Whether you have a legal, tax, insurance, management or land issue, Farmers Weekly’s Business Clinic experts can help. Martin Williams, an associate in Carter Jonas’ energy team, sets out how solar developments are still well worth the consideration of many landowners.
Q. I have a 300-acre mixed farm in Devon. I considered turning some of my land into a solar farm previously when FiT was around, but didn’t manage to get it sorted. I’m still interested, but have I missed the boat now? If not, how do I know if my land is suitable, and is it worthwhile?
In 2015, the UK government took away subsidies for solar. This dramatically affected the viability of solar developments and, as a result, the market for standalone solar schemes took a nose-dive, with many developers withdrawing from the UK market.
However, recently the cost of PV panel technology has significantly reduced, alongside an increase in their efficiency, making solar development in the UK viable again.
Breakdowns and issues are becoming less frequent, the PV panels run for longer and cost less to maintain, and emerging technology such as tracking and bi-facial panels increase generation.
While previous schemes were typically proposed to be installed for a 25-year period, now solar farms are typically proposed to have a 35- to 40-year lease term.
If developers are able to develop larger scale solar farms, operated for longer using the same kit, they can spread the cost over time, making projects viable.
In short, you definitely haven’t missed the boat.
The first thing to consider is the suitability of your land. Typically, to get planning consent, solar farm developments need to avoid the best agricultural land (ideally Grade 3 or below) and be free of any sensitive environmental designations.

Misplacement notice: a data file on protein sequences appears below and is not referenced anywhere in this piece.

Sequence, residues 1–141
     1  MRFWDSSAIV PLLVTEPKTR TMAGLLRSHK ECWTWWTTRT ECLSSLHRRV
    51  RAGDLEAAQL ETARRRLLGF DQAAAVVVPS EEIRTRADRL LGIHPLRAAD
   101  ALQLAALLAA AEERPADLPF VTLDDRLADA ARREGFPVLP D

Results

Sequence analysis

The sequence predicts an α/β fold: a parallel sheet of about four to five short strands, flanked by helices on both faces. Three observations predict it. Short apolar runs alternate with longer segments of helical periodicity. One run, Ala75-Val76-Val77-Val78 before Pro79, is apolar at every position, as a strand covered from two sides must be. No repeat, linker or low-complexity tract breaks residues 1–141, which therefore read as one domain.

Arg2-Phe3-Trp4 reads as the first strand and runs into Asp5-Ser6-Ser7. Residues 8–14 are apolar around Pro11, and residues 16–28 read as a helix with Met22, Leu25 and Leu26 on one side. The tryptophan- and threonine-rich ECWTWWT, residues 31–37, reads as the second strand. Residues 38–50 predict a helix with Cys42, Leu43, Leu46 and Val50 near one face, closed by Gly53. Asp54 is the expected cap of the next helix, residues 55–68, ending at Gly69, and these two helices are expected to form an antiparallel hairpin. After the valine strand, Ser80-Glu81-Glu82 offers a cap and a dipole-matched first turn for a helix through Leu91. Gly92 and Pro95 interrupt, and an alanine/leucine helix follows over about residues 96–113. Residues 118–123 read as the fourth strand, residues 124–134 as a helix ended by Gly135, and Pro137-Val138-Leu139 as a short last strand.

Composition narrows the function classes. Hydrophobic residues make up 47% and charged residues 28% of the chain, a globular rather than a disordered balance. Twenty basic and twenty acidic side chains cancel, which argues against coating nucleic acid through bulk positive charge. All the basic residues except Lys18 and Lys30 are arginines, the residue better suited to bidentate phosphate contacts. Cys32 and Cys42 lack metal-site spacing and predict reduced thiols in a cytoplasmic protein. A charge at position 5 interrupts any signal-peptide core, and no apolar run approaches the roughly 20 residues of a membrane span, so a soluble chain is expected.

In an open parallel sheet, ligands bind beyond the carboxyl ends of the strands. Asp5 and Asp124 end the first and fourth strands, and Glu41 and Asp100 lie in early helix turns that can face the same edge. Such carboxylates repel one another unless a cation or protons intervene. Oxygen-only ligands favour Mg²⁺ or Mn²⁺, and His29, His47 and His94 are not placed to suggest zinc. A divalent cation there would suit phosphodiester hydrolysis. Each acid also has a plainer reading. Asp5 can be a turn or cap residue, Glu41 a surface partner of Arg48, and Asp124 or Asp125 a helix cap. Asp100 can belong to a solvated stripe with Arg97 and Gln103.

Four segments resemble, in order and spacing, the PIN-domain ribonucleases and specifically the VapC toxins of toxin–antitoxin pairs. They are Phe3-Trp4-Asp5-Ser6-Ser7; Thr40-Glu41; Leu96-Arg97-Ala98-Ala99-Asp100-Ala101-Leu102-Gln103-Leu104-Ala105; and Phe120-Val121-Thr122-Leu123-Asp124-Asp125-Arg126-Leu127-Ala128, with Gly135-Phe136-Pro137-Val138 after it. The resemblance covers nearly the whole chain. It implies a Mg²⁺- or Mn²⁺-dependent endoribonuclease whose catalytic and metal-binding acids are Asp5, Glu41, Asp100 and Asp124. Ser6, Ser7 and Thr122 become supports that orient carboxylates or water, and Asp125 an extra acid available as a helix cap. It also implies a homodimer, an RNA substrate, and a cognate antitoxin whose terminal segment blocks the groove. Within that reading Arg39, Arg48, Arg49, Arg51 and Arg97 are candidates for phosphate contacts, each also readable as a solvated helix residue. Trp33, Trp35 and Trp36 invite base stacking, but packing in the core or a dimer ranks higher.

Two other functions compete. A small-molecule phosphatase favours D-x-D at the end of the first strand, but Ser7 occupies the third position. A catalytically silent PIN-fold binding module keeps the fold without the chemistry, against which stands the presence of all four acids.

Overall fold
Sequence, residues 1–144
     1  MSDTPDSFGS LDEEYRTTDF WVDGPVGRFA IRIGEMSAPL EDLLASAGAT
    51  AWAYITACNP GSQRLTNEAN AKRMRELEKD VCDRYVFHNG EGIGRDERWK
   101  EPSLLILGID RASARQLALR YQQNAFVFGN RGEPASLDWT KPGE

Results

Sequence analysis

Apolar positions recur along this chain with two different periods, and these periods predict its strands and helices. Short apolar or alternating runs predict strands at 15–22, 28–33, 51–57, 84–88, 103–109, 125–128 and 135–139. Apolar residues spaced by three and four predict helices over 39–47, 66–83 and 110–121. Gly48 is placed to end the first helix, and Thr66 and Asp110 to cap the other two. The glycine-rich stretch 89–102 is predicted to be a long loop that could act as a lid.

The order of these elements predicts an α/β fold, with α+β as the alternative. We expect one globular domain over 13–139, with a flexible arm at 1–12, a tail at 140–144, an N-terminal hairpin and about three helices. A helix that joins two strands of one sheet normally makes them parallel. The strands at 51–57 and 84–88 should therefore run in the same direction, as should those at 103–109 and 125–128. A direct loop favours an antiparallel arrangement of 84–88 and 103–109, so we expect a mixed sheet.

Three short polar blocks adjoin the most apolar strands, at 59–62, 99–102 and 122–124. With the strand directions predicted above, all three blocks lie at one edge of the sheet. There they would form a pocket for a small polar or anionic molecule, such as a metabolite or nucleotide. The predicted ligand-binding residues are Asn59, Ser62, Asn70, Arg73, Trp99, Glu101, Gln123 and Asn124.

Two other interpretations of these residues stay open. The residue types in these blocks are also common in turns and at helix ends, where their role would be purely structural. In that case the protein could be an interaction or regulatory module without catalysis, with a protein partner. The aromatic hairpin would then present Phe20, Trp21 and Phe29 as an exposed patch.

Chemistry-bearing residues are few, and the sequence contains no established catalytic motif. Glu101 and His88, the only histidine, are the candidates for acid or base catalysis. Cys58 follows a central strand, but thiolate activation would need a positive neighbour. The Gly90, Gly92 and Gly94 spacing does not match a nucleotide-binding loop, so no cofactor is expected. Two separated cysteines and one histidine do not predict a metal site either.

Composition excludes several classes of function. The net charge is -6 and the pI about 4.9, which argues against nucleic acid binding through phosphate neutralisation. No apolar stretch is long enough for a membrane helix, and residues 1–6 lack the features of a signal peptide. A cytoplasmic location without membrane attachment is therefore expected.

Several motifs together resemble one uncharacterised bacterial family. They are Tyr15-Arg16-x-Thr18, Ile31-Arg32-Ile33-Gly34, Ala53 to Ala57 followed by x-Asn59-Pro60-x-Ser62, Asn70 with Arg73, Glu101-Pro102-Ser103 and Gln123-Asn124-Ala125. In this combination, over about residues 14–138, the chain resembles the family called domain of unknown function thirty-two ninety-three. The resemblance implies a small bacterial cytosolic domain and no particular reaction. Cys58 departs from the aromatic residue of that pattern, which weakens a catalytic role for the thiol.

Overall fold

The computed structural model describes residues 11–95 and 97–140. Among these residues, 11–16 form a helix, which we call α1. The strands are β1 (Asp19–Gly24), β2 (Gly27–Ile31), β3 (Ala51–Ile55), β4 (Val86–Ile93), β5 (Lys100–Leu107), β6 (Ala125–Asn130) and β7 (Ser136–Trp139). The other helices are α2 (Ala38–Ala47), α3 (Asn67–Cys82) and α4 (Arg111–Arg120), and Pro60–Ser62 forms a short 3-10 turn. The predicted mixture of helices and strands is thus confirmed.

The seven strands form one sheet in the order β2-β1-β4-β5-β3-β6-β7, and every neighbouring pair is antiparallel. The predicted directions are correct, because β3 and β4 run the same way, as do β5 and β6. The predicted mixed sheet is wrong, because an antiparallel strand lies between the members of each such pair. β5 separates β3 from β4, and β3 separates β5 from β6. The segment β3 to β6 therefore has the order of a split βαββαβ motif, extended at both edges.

Grid connection is also key; a site needs to be within about 5km of a substation, or have suitable overhead lines crossing the land that can be connected into the grid. A specialist adviser will be able to tell you quite easily if this is the case.
In addition, sufficient area is needed. All developers will have their opinion on the area required, and the scale will depend on the grid connection, but it’s generally accepted that 80 acres and above would be viable. This can be made up of your land and neighbouring land.
It sounds as if your land certainly ticks a lot of the boxes. So it is going to be worthwhile? In short, yes. An operational solar farm can have great financial benefit.
Developers typically seek a lease term of at least 35 years, paying an annual index-linked rent and in some cases a percentage revenue share top-up rent, with the land restored to its previous condition at the end of the term.
The rents offered to landowners vary significantly depending on the site, but for large scale solar farms, rents should be in excess of £800/acre, and can be £1,000/acre.
Any percentage revenue share should at least match the base rent, and this is an important element to ensure that landowners benefit from any increase in generation, or in the event that a developer is able to secure a higher price for the generated electricity.
Many developers are also seeking to incorporate battery energy storage systems into their solar farm designs, which should attract an additional rent based on a sum per megawatt.
Other benefits of a solar farm include maintenance and grazing rights, with most developers allowing sheep grazing around the PV panels and, in some cases, paying for this service.
It is important to remember, though, that these are large scale, long-term projects.
Key aspects to consider are the longevity of the developer and its ability to sell the project, the tax implications for you or your business, and the proposed insurance, indemnities, and decommissioning and reinstatement obligations of the developer.
Should a developer approach you, we would always recommend you take expert advice, to see if what you are being offered is not only in line with market rates, but also the best terms and the most appropriate for the landholding in the long run.
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